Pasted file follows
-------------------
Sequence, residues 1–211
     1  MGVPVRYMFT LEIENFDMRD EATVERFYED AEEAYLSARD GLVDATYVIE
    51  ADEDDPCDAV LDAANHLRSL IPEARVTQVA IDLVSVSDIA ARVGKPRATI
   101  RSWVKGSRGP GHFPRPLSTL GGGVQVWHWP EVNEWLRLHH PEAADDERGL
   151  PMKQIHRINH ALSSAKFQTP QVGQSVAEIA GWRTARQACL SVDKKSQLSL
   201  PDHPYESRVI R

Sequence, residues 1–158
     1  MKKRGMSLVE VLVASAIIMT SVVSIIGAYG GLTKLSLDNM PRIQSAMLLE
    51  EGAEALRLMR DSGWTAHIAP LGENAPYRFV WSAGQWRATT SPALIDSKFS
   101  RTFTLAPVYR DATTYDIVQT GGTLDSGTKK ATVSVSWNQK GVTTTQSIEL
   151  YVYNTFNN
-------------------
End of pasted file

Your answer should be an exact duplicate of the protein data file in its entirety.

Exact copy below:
Sequence, residues 1–211
     1  MGVPVRYMFT LEIENFDMRD EATVERFYED AEEAYLSARD GLVDATYVIE
    51  ADEDDPCDAV LDAANHLRSL IPEARVTQVA IDLVSVSDIA ARVGKPRATI
   101  RSWVKGSRGP GHFPRPLSTL GGGVQVWHWP EVNEWLRLHH PEAADDERGL
   151  PMKQIHRINH ALSSAKFQTP QVGQSVAEIA GWRTARQACL SVDKKSQLSL
   201  PDHPYESRVI R

Sequence, residues 1–158
     1  MKKRGMSLVE VLVASAIIMT SVVSIIGAYG GLTKLSLDNM PRIQSAMLLE
    51  EGAEALRLMR DSGWTAHIAP LGENAPYRFV WSAGQWRATT SPALIDSKFS
   101  RTFTLAPVYR DATTYDIVQT GGTLDSGTKK ATVSVSWNQK GVTTTQSIEL
   151  YVYNTFNN